Whether you know them for their delicious berries or as a painful obstacle in the woods, everyone probably has some relationship to raspberries and blackberries. These incredible plants are often referred to by foresters and ecologists collectively as Rubus, which is the genus they belong to.
While there are many species of Rubus in Vermont, I separate them into raspberries, blackberries, and purple-flowering raspberry (Rubus odoratus). This last one is the oddball of the group; it lacks thorns, and has golden, shreddy bark, maple-like leaves and large, pink flowers. Also called “thimbleberry,” it produces raspberry-esque fruit which (ironically) is much flatter and less thimble-shaped than raspberry or blackberry. The berries are edible, with a “felty” texture.
Both raspberries and blackberries can be identified by their distinctive berries and thorny canes. You can tell them apart by the color of their berries (although there are black raspberries), their leaves, or their canes. While both species have thorns, blackberry canes are ridged – a cross-section would reveal that it is angular, not round. Raspberry canes are round in cross-section and smooth (in between the thorns), often with “glaucous bloom” – a bluish waxy coating.
The leaves of both raspberries and blackberries are “compound,” meaning that the “leaf” is made up of several “leaflets,” each of which looks like a separate leaf. Blackberry leaves are “palmately-compound,” meaning that the base of each leaflet attaches at a common point (like a fan), whereas raspberry leaves are “pinnately-compound” – pairs of leaflets attach opposite one another at different points (like a fern).
Rubus are everywhere, but especially common in “disturbed” areas where trees have been cut or otherwise died. They have two main strategies for reproduction. The first is “layering” – creating new plants by sprouting from their root system, sprouting from the base of an existing plant or by establishing “adventitious” roots where the tip of a cane touches the ground. If you’ve ever battled Rubus in your yard, you know that their knack for layering makes them very resilient.
The second and more incredible method that Rubus uses to reproduce is their seeds. It seems like every animal in the woods, from birds to bears, gorges themselves on raspberries and blackberries. The seeds pass through their digestive systems and (some time later) are deposited throughout the woods, wherever that critter happens to be. It’s a great seed dispersal strategy – essentially hitching a ride on a bird or other animal.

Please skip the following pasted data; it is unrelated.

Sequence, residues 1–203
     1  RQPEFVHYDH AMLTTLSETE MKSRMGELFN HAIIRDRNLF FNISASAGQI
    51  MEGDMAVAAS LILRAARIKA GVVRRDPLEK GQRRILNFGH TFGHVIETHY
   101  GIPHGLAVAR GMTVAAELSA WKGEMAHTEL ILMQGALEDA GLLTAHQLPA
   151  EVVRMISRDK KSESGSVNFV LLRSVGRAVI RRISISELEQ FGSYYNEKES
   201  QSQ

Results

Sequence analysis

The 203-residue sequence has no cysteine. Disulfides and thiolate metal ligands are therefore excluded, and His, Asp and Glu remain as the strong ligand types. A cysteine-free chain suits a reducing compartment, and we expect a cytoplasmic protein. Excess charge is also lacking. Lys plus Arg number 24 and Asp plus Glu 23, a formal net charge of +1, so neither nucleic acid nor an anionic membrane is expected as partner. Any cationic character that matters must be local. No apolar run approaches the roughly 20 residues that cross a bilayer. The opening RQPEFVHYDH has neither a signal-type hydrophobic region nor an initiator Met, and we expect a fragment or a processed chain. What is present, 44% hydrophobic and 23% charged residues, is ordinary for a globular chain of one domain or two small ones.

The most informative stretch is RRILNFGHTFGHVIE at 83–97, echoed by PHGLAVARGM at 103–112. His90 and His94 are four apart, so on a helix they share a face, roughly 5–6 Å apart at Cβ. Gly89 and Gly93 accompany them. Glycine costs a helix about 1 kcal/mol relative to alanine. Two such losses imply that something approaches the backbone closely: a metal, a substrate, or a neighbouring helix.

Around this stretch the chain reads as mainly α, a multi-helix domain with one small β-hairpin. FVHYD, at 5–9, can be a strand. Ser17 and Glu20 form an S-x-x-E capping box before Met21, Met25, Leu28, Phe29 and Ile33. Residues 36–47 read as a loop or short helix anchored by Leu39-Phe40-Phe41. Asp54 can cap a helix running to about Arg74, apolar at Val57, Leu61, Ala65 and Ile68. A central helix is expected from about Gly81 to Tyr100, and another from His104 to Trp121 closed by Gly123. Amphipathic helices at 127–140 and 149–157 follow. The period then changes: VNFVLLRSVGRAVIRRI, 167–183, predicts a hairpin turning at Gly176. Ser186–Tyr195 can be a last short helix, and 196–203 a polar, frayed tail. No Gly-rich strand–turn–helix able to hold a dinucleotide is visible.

If Rubus seeds end up in a suitable place – maybe somewhere with “scuffed-up” soils and plenty of light – they can germinate right away. However, most Rubus seeds get dropped in places that aren’t ideal spots. When this happens, they become part of the “seed bank” – the seeds that wait in the soil, remaining viable but ungerminated. Rubus seeds can remain in the seed bank for 20-40 years, and in some cases up to 100 years. When opportunity knocks – in the form of a windstorm, logging, a forest fire – they sprout.
What this means is that, for the most part, Rubus that appear after forest management or a natural disturbance aren’t arriving at that site. They’ve been in the soil under your feet, maybe for decades, waiting for their opportunity to grow.
Rubus was once disliked by the forestry community, mostly because of how it springs up following forest management. Foresters wanted to grow trees, not bushes, and so they considered Rubus to be “interfering vegetation,” taking up growing space that could be growing trees; Rubus was sometimes cut and sprayed with herbicide just to get it out of the way. However, science has revealed that Rubus doesn’t interfere with the ability of trees to grow. On the contrary, it is an integral part of an ephemeral stage in forest development. Rubus provides valuable nutrient-cycling and some seedling protection – shielding young trees from herbivory with their thorny canes. They are also an incredibly important food source for all manner of wildlife, from neo-tropical songbirds stocking up for migration to black bears building up fat reserves for hibernation.
Like many things in forests and forestry, understanding the role of Rubus requires us to be patient and to “zoom out”. The briars, brambles and prickers that scrape your legs will give way to young forests, and someday to old forests. Instead of cursing these prickly plants, enjoy this “moment in time,” and marvel at their patience and persistence.
Ethan Tapper is the Chittenden County Forester. He can be reached at email@example.com or (802) 585-9099.